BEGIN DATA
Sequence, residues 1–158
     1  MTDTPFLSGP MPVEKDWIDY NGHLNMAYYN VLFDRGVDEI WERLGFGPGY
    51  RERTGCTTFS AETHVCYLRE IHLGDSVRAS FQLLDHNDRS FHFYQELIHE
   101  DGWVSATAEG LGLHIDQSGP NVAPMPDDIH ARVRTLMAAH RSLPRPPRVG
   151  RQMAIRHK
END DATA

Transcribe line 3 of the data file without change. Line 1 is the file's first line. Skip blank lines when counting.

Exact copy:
    51  RERTGCTTFS AETHVCYLRE IHLGDSVRAS FQLLDHNDRS FHFYQELIHE